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J Pediatr. 1981 Nov;99(5):739-41.

The relationship of oral rehydration solution to hypernatremia in infantile diarrhea.



A major criticism of the use of oral rehydration solution (ORS) in the treatment of diarrhea has been that the high sodium content of the solution might predispose the development of hypernatremia in infants not allowed access to additional free water and in whom glomerular filtration rate and urinary concentrating ability may be low. A study was undertaken in 1980 in Cairo, Egypt to assess the use of ORS. The study included 100 children under age 1, mean age 6.7 months, with dehydration secondary to diarrhea, and 17% were hypernatremic on admission, 27% hyponatremic and 56% isonatremic; the hypernatremic infants were found to be more dehydrated than the others. 24% of the hypernatremic infants had taken Rehydran whereas only 5% of the others had taken it and none had been given the medication in a proper fashion. Of the 17 with hypernatremia 16 completed the course of oral rehydration therapy and 63% had normal serum sodium values by 6 hours of therapy. It was found that the treatment of hypernatremic infants with ORS was successful while with the unsupervised use of Rehydran the risk of this condition was enhanced; errors made in the home included prolonged use of the solution and failure to use water. It is believed that because of widespread illiteracy sole reliance upon written instructions is potentially dangerous.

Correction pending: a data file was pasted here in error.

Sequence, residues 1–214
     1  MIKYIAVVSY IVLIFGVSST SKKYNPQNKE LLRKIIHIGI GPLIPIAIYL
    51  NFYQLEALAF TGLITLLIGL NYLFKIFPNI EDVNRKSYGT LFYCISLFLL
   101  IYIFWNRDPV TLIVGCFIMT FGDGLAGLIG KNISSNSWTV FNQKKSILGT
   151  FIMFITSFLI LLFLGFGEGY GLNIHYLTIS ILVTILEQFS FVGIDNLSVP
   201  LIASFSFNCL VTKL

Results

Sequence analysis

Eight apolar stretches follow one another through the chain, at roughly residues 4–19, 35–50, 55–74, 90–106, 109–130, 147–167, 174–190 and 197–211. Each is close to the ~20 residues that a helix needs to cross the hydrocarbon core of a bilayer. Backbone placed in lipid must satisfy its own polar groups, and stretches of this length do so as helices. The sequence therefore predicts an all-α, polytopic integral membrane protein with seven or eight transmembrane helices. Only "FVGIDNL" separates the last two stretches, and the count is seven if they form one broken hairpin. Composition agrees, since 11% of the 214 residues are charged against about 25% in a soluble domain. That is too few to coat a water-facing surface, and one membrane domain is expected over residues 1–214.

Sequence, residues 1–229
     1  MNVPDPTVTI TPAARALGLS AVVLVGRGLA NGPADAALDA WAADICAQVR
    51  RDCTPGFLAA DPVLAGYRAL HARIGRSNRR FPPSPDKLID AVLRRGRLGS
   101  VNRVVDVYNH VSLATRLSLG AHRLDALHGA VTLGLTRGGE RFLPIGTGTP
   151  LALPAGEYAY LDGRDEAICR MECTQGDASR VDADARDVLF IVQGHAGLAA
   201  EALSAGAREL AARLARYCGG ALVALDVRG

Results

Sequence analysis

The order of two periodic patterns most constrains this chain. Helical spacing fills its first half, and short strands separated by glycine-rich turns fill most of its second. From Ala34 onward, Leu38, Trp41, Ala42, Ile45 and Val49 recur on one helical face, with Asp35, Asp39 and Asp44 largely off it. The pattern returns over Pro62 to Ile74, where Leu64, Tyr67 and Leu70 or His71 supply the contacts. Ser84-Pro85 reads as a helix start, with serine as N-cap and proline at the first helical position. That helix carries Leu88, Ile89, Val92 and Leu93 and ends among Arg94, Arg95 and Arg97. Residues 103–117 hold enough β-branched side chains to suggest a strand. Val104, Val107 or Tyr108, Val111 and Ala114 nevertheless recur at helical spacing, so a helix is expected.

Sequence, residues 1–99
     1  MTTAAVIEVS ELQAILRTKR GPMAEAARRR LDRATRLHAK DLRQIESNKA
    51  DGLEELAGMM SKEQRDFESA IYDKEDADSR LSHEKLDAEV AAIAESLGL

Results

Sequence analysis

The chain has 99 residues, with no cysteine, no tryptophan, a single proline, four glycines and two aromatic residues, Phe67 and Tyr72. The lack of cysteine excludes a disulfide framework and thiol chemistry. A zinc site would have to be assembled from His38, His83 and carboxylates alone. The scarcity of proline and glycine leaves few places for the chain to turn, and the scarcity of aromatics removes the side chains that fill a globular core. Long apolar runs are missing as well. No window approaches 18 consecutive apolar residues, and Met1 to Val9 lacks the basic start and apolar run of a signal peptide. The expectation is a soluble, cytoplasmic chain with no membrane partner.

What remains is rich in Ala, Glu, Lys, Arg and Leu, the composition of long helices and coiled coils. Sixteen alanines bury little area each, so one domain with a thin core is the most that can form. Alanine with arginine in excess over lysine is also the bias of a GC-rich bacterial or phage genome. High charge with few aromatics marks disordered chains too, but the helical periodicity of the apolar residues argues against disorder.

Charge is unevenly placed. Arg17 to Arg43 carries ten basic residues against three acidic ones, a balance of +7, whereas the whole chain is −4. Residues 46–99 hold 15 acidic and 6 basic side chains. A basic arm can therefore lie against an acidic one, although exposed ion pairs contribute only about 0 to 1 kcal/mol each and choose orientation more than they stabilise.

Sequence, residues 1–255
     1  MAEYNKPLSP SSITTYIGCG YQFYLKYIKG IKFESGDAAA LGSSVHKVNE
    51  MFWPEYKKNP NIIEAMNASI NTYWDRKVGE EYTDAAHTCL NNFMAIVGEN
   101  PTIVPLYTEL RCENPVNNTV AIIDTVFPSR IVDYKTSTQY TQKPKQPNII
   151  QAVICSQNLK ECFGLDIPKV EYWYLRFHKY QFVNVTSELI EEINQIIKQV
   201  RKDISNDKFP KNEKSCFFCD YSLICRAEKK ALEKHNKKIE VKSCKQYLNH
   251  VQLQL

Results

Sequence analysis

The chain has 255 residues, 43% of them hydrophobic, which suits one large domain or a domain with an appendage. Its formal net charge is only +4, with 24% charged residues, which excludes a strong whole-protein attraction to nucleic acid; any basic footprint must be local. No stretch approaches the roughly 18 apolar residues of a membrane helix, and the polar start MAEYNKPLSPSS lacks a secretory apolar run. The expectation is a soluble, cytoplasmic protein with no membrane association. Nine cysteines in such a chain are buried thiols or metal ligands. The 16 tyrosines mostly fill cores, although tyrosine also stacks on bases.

[Indexed for MEDLINE]

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